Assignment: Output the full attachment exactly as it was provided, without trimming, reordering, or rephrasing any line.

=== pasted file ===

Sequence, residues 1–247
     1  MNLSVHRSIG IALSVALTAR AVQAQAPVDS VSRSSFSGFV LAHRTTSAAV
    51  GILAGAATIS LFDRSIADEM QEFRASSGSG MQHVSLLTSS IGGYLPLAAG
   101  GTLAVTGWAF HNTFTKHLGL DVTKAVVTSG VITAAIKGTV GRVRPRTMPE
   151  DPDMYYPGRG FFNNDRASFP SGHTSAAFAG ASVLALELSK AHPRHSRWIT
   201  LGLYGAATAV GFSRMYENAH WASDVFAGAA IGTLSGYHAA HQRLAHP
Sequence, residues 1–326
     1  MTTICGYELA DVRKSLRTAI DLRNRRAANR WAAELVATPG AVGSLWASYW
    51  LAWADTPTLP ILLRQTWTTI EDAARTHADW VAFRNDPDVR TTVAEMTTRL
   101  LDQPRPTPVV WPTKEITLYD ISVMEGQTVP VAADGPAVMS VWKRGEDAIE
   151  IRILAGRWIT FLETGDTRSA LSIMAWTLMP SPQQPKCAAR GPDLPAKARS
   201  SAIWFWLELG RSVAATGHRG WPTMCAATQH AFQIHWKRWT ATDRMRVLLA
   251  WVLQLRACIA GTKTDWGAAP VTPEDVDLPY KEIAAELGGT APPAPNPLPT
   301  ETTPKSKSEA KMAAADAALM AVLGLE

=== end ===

Sequence, residues 1–247
     1  MNLSVHRSIG IALSVALTAR AVQAQAPVDS VSRSSFSGFV LAHRTTSAAV
    51  GILAGAATIS LFDRSIADEM QEFRASSGSG MQHVSLLTSS IGGYLPLAAG
   101  GTLAVTGWAF HNTFTKHLGL DVTKAVVTSG VITAAIKGTV GRVRPRTMPE
   151  DPDMYYPGRG FFNNDRASFP SGHTSAAFAG ASVLALELSK AHPRHSRWIT
   201  LGLYGAATAV GFSRMYENAH WASDVFAGAA IGTLSGYHAA HQRLAHP
Sequence, residues 1–326
     1  MTTICGYELA DVRKSLRTAI DLRNRRAANR WAAELVATPG AVGSLWASYW
    51  LAWADTPTLP ILLRQTWTTI EDAARTHADW VAFRNDPDVR TTVAEMTTRL
   101  LDQPRPTPVV WPTKEITLYD ISVMEGQTVP VAADGPAVMS VWKRGEDAIE
   151  IRILAGRWIT FLETGDTRSA LSIMAWTLMP SPQQPKCAAR GPDLPAKARS
   201  SAIWFWLELG RSVAATGHRG WPTMCAATQH AFQIHWKRWT ATDRMRVLLA
   251  WVLQLRACIA GTKTDWGAAP VTPEDVDLPY KEIAAELGGT APPAPNPLPT
   301  ETTPKSKSEA KMAAADAALM AVLGLE